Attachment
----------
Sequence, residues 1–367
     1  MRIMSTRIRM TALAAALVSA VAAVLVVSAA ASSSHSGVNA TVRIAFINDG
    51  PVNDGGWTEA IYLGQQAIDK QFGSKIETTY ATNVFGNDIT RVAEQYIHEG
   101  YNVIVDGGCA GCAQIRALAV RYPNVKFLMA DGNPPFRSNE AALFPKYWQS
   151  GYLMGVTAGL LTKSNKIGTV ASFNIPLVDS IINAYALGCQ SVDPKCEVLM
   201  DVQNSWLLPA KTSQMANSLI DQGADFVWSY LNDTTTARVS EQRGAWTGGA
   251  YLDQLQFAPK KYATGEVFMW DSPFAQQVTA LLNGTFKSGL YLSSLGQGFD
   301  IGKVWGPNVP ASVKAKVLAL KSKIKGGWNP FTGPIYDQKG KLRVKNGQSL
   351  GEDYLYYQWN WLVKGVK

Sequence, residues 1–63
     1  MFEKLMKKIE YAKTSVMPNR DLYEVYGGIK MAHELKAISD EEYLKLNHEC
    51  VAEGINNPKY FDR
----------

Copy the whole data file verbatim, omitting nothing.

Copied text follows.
Sequence, residues 1–367
     1  MRIMSTRIRM TALAAALVSA VAAVLVVSAA ASSSHSGVNA TVRIAFINDG
    51  PVNDGGWTEA IYLGQQAIDK QFGSKIETTY ATNVFGNDIT RVAEQYIHEG
   101  YNVIVDGGCA GCAQIRALAV RYPNVKFLMA DGNPPFRSNE AALFPKYWQS
   151  GYLMGVTAGL LTKSNKIGTV ASFNIPLVDS IINAYALGCQ SVDPKCEVLM
   201  DVQNSWLLPA KTSQMANSLI DQGADFVWSY LNDTTTARVS EQRGAWTGGA
   251  YLDQLQFAPK KYATGEVFMW DSPFAQQVTA LLNGTFKSGL YLSSLGQGFD
   301  IGKVWGPNVP ASVKAKVLAL KSKIKGGWNP FTGPIYDQKG KLRVKNGQSL
   351  GEDYLYYQWN WLVKGVK

Sequence, residues 1–63
     1  MFEKLMKKIE YAKTSVMPNR DLYEVYGGIK MAHELKAISD EEYLKLNHEC
    51  VAEGINNPKY FDR